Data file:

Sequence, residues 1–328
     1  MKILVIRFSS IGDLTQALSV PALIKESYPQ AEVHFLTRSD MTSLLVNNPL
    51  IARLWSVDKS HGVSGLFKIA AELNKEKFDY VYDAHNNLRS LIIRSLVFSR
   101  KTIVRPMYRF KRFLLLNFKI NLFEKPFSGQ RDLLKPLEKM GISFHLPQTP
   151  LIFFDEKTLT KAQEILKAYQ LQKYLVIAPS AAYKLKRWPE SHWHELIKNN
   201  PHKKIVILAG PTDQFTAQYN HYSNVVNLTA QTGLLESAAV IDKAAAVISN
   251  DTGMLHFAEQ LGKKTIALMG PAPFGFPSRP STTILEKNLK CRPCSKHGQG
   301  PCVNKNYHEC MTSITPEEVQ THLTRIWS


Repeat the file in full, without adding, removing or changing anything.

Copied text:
Sequence, residues 1–328
     1  MKILVIRFSS IGDLTQALSV PALIKESYPQ AEVHFLTRSD MTSLLVNNPL
    51  IARLWSVDKS HGVSGLFKIA AELNKEKFDY VYDAHNNLRS LIIRSLVFSR
   101  KTIVRPMYRF KRFLLLNFKI NLFEKPFSGQ RDLLKPLEKM GISFHLPQTP
   151  LIFFDEKTLT KAQEILKAYQ LQKYLVIAPS AAYKLKRWPE SHWHELIKNN
   201  PHKKIVILAG PTDQFTAQYN HYSNVVNLTA QTGLLESAAV IDKAAAVISN
   251  DTGMLHFAEQ LGKKTIALMG PAPFGFPSRP STTILEKNLK CRPCSKHGQG
   301  PCVNKNYHEC MTSITPEEVQ THLTRIWS